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Aesthetics and Aquatic Plants

By combining real and artificial greenery, pond plant displays add drama and interest to retailers’ water garden sections.


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With the advent of spring, pond hobbyists are itching to get their feet wet—and savvy retailers are ready to inspire customers’ water garden daydreams with tubs and tanks filled with colorful and practical aquatic plants.

It’s an important category that deserves some attention, said Mark Hamron owner of Tea, S.D.-based AquariumPlants.com, particularly for retailers that sell plants and products for both ponds and aquariums.

“Our customer data shows that there is a huge percentage of pond owners who have aquariums, and vice versa,” he said. 

Numbers from the American Pet Product Association’s 2015-2016 National Pet Owners Survey back up Hamron’s observations. Among surveyed fish owners, 20 percent of freshwater owners and 38 percent of saltwater owners have a pond, and “the most common garden pond accessory owned is live plants (62 percent),” the survey reports. So pond owners invest in live plants more than equipment, ornaments or treatments.

The pond plants they buy include marginal bog plants, submerged oxygenators, and floating waterlilies and lotus, said Kathie Dienes, marketing manager at The Pond Guy in Armada, Mich.   

“Waterlilies are popular because they are the easiest for customers to identify as an aquatic plant, and their large, vibrant blooms are eye catching,” she said. “Customers easily can picture what they will look like in their pond. Water hyacinth are also very popular for water gardens as pond coverage, natural filters and habitat for fish. With no planting required, they are also easy to add to a pond.”

Topping the waterlily hot list are the winners of International Water Garden Society’s 2015 New Waterlily Competition, including Nymphaea “Srichon,” a tropical intersubgeneric hybrid grown by Nopchai Chansilpa, and Nymphaea “Manickam,” a hardy pink variety grown by Vasu Manickam.

“‘Srichon’ boasts large flowers that change color gradually from the first-day bloom to the fifth-day bloom,” said Tamara Kilbane, a horticulturist at Denver Botanic Gardens in Denver. “‘Manickam’ has peony-like, pink blooms with a blush of yellow on the inner petals. Its high petal count and appealing color combination made it a standout.”  

Artificial plants for ponds, however, aren’t as popular, Dienes said.

“We don’t see a lot of sales of artificial plants,” she said. “When customers build a pond, they really are creating an ecosystem, and live plants are a big part of that.”

Pond Plants: Success Story

Chris Troll, manager at Bridges Pets, Gifts & Water Gardens in Snohomish, Wash., said his store offers a range of live and artificial pond and aquarium plants—and a stunning 175-gallon bow-front tank filled with plants and angelfish draws curious customers to the shop’s aquatics section.

“We sell Elodea, Anubias, banana plants, Cryptocorynes and various sword plants, and in the spring we offer water lettuce and hyacinth for outdoor plants,” he said, adding that selection is important to hobbyists.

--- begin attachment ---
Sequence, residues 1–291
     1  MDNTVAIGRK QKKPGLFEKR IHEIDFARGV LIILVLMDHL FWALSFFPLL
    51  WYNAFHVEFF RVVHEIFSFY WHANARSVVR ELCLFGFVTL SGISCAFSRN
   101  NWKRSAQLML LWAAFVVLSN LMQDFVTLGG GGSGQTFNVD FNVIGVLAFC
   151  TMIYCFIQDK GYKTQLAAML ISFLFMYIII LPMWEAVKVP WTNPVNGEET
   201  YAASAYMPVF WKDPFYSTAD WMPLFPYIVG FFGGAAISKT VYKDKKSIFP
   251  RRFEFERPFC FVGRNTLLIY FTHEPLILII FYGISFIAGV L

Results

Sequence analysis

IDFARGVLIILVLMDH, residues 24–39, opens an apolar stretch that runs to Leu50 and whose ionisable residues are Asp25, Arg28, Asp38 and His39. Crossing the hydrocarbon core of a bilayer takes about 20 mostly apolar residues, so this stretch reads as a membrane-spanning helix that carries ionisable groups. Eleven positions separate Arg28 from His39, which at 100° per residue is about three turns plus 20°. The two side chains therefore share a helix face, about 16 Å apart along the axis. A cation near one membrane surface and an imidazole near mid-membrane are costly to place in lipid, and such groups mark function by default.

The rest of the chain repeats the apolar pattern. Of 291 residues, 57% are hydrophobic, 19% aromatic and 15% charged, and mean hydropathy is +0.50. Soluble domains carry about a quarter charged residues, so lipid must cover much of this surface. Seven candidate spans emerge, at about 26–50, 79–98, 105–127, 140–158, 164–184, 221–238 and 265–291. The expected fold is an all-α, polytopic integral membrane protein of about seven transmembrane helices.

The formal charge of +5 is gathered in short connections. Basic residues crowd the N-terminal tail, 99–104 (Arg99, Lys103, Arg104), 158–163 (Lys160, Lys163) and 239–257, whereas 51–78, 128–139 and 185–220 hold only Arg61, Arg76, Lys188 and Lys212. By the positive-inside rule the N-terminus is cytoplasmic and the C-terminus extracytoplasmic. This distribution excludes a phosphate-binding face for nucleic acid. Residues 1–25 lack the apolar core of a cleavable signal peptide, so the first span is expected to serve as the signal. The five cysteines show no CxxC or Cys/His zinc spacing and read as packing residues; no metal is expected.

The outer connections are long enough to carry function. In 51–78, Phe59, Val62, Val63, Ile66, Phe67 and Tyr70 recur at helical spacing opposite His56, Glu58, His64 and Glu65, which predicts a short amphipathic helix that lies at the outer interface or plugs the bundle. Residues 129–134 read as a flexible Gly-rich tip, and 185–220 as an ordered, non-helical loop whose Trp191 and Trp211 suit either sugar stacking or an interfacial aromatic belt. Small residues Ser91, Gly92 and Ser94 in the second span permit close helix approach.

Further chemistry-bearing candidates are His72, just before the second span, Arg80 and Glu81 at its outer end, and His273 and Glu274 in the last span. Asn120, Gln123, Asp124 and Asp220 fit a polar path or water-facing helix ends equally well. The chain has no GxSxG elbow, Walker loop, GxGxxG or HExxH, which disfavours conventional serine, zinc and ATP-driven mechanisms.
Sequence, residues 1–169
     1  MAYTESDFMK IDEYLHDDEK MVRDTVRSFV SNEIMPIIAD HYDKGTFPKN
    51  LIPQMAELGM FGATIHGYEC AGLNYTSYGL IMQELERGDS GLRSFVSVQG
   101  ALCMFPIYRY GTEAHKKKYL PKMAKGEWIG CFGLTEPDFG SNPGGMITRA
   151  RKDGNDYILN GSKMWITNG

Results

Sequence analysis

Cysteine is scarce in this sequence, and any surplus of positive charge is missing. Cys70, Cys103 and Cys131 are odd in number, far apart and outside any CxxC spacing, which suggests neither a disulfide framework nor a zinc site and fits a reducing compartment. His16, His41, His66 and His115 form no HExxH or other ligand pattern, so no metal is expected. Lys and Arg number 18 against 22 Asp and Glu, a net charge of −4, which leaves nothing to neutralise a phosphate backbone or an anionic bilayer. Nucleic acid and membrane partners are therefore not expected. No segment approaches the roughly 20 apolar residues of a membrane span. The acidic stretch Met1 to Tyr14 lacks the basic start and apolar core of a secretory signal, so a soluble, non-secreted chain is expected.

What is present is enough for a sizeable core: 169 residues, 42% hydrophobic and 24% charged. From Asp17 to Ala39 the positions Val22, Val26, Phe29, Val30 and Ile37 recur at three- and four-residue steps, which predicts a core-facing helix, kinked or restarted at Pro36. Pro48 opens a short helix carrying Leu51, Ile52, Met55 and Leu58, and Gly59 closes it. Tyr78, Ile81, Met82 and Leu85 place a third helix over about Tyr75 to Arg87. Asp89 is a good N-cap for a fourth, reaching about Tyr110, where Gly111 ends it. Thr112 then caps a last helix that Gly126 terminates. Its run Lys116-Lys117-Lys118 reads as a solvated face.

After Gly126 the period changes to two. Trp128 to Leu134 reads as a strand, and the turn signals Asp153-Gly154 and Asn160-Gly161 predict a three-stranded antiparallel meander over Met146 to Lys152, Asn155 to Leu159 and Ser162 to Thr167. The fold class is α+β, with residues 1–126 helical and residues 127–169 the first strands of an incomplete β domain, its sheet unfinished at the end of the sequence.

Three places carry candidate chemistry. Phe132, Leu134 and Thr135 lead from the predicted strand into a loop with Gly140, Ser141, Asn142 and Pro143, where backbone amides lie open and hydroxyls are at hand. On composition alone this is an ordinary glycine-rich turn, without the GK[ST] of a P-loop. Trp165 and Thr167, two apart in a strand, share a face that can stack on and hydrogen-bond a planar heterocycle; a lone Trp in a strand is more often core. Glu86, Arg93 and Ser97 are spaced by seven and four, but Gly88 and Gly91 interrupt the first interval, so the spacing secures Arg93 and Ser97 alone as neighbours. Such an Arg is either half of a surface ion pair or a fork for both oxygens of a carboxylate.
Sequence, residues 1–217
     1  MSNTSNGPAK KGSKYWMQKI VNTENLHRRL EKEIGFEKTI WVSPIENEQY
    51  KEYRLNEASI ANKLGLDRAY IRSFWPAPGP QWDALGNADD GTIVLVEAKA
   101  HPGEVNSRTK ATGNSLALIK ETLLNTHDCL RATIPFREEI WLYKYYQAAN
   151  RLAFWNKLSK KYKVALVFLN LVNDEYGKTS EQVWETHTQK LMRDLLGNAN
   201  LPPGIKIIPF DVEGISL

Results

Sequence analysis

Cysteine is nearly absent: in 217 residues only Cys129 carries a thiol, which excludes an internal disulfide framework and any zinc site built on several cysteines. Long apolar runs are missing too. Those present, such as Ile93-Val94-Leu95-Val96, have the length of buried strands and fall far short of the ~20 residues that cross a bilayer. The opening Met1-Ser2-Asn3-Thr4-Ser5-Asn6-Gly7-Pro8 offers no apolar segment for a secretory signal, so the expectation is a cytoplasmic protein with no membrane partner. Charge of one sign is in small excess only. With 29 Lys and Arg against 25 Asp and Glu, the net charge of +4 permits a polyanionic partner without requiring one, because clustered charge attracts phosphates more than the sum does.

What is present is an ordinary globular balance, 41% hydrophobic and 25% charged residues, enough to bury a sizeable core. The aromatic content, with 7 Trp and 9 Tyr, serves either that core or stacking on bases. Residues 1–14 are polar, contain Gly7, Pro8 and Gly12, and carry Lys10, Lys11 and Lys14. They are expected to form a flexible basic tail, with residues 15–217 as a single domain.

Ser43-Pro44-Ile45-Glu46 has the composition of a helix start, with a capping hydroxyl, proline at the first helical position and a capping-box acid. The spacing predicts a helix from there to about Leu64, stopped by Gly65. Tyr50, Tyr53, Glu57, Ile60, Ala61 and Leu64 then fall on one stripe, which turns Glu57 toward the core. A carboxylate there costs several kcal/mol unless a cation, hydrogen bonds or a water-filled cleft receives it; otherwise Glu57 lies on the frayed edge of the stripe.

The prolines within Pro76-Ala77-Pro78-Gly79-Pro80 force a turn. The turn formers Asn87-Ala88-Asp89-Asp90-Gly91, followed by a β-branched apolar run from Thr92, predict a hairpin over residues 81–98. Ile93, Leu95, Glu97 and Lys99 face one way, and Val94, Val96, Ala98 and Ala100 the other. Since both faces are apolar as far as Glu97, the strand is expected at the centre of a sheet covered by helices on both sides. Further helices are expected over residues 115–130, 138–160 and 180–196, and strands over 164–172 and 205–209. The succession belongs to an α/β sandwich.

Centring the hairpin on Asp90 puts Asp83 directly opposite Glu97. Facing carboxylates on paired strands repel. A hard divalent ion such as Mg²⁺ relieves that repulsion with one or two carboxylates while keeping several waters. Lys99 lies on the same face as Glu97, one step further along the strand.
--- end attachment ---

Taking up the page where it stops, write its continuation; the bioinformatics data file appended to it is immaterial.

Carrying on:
“Our customers tend to buy more of the easy-to-grow plants like Elodea or sword plants,” he said.

Display tanks decked out in full décor sell plants, Troll added.

“We tried prepackaged live plants for a while, but they were not very well received,” he said. “It seems best to display live plants in the same manner in which they would be displayed in the customer’s own pond or aquarium.”

Bridges stocks a range of artificial aquatic plants, too, and they’re displayed in tanks as well as on pegboard and spin racks, Troll said.

“Our selection includes both natural-looking, green-colored plants, as well as some hot pink, purple and fluorescent varieties,” he said. “One relatively new product for us is GloFish plastic plants. We have a display tank of these items that really stand out under blue LED lighting. Packaged GloFish plastic plants are also available on an endcap display.”

 The main differences between Bridges’ live and artificial plant displays are the substrate and lighting, Troll said.

  “Most of our live plant displays contain substrate, whereas our artificial plant displays contain gravel,” he said. “Another difference is the lighting used. Some artificial plants may look best under one light spectrum, but live plants may require another light spectrum, which may be slightly dimmer in appearance. If requirements such as these are considered first, then live and artificial plant displays should be able to be successfully combined.”

The greatest challenge in merchandising live plants in display tanks is managing the mess, Troll said, adding that staying on top of housecleaning chores keeps the displays looking their best.

“During the course of the day as live plants in display tanks get uprooted and sold, the soil may become stirred and the water may become cloudy and filled with floating plant fragments,” he said. “The timely removal of debris and replanting is a big part of keeping these aquatic plant displays looking good for our customers.”

 

Pond Plants: Display and Marketing